This includes the largest battery pack fitted to a road car, together with an innovative 7 kW induction charging system. These components and the electric drivetrain have been integrated by Lotus Engineering into the existing Phantom electrical systems, giving an efficient electrical propulsion control strategy and retaining full vehicle functionality.
Lotus Engineering has a broad expertise in vehicle design, manufacture and development. For the Phantom Experimental Electric project Lotus Engineering provided engineering services in the areas of: drivetrain layout, vehicle simulation, Computer Aided Engineering (CAE), component specification, vehicle build, control strategy, control integration, procurement, commissioning and development testing. This project highlights the technical competence in Electrical and Electronic Integration and the capability and range of consultancy services offered by Lotus Engineering.
The Phantom Experimental Electric has two electric motors to replace the 6.75 litre V12 engine. These electric motors each produce 145 kW of power to provide a total 290 kW and torque of 800 Nm giving a 0 - 100 km/h time of under eight seconds and a top speed limited to 160 km/h.
In the conversion of a Phantom into an electric vehicle a study was conducted to ensure that the optimum layout of the electric drivetrain and ancillaries was achieved with no intrusion into passenger compartment. Following an iterative design study the 71 kWh, 640 kg lithium ion battery pack was placed under the bonnet where the engine had been. The two motors, gearbox and inverters were located behind the rear seats in the original fuel tank bay, with power cables running longitudinally between the converters and the battery. This has enabled the Phantom Experimental Electric to retain its 50:50 weight distribution and characteristic Rolls-Royce driving experience.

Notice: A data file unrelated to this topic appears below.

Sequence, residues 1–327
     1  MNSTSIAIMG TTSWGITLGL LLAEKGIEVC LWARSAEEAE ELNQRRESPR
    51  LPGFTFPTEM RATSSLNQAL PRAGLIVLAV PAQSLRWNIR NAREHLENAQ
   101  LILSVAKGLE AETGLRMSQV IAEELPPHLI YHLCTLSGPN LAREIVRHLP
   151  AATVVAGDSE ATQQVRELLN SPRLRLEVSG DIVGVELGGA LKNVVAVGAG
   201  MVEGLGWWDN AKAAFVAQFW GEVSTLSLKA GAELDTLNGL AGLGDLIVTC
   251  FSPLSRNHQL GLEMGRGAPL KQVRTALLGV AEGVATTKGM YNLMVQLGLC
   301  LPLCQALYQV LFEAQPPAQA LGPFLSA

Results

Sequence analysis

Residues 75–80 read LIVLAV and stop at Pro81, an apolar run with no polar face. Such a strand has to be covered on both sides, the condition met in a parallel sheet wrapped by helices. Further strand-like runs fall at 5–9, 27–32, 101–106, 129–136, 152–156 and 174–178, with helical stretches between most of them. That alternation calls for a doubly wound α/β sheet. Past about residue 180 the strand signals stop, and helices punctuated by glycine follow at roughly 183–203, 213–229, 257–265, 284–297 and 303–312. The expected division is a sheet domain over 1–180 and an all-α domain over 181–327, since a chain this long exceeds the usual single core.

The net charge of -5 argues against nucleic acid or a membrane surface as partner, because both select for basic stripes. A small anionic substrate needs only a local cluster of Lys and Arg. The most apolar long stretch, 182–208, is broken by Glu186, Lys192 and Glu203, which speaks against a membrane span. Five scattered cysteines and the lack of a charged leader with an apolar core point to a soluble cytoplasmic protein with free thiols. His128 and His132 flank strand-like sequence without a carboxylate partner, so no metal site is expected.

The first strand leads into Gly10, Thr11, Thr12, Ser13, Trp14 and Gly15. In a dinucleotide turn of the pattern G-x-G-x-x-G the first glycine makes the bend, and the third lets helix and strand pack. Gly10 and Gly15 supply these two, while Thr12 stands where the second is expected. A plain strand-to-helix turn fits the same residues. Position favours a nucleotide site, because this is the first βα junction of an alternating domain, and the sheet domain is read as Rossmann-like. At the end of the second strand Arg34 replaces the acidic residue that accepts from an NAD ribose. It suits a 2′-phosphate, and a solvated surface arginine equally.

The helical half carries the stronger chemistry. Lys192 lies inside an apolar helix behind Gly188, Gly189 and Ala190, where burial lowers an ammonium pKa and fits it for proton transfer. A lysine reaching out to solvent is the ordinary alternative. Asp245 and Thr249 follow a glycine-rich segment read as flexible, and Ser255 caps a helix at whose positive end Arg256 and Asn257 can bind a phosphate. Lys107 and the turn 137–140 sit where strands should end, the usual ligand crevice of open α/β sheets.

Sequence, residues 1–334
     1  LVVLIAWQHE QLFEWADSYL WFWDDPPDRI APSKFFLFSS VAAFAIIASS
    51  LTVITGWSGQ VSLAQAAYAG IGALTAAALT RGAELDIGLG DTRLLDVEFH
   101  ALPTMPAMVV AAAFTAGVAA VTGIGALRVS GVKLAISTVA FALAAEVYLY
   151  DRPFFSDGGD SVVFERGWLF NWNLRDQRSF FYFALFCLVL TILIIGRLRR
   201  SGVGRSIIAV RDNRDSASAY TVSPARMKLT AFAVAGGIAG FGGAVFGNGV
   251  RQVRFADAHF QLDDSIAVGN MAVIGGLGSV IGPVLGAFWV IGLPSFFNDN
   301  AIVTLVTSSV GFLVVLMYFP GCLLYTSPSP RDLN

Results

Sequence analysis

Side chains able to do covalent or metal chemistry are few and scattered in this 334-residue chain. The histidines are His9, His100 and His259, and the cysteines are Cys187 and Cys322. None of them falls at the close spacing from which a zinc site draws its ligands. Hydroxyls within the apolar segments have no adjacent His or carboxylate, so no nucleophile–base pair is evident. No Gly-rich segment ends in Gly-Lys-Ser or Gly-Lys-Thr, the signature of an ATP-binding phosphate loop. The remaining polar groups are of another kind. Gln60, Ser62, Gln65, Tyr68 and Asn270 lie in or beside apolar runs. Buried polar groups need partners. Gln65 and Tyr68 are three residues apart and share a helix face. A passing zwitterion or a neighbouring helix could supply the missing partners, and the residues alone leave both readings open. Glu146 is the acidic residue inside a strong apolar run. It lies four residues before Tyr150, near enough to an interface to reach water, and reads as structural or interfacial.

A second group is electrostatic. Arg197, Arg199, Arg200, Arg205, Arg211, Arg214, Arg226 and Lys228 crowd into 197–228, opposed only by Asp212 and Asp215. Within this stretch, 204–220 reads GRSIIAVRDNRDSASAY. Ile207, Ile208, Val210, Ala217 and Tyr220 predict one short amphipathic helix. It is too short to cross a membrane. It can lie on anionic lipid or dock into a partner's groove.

The Rolls-Royce Phantom is a complex vehicle with many advanced electrical systems. The integration of the electric drivetrain and ancillaries with the existing vehicle control unit provided the greatest challenge for the project. To compound this the Phantom Experimental Electric features the additional complexity of a 3 mode charging system (single phase, three phase and the inductive power transfer) together with a two level driver selectable regenerative braking system.
Dr Robert Hentschel, Director of Lotus Engineering, said “The Rolls-Royce Phantom Experimental Electric is an extremely advanced vehicle. I am delighted that Rolls-Royce Motor Cars has recognised Lotus Engineering’s world class engineering capability and chosen us to be a part of this project. We have taken a great deal of pride working for such a prestigious ultra luxury brand and I believe that this project illustrates the technical competency of Lotus Engineering in Electrical and Electronic Integration and the capability to apply our expertise to a wide range of applications and types of vehicle”.